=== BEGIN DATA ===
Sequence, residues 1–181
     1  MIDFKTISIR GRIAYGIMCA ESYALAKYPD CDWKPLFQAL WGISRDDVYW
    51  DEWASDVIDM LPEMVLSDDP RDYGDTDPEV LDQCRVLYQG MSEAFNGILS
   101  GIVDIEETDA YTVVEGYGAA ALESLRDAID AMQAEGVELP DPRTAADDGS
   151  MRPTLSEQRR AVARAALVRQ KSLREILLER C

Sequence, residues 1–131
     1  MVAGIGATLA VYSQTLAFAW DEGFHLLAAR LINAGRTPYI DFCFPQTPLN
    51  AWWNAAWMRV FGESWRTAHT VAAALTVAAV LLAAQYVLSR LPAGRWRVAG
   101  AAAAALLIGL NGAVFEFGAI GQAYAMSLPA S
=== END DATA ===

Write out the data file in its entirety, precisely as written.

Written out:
Sequence, residues 1–181
     1  MIDFKTISIR GRIAYGIMCA ESYALAKYPD CDWKPLFQAL WGISRDDVYW
    51  DEWASDVIDM LPEMVLSDDP RDYGDTDPEV LDQCRVLYQG MSEAFNGILS
   101  GIVDIEETDA YTVVEGYGAA ALESLRDAID AMQAEGVELP DPRTAADDGS
   151  MRPTLSEQRR AVARAALVRQ KSLREILLER C

Sequence, residues 1–131
     1  MVAGIGATLA VYSQTLAFAW DEGFHLLAAR LINAGRTPYI DFCFPQTPLN
    51  AWWNAAWMRV FGESWRTAHT VAAALTVAAV LLAAQYVLSR LPAGRWRVAG
   101  AAAAALLIGL NGAVFEFGAI GQAYAMSLPA S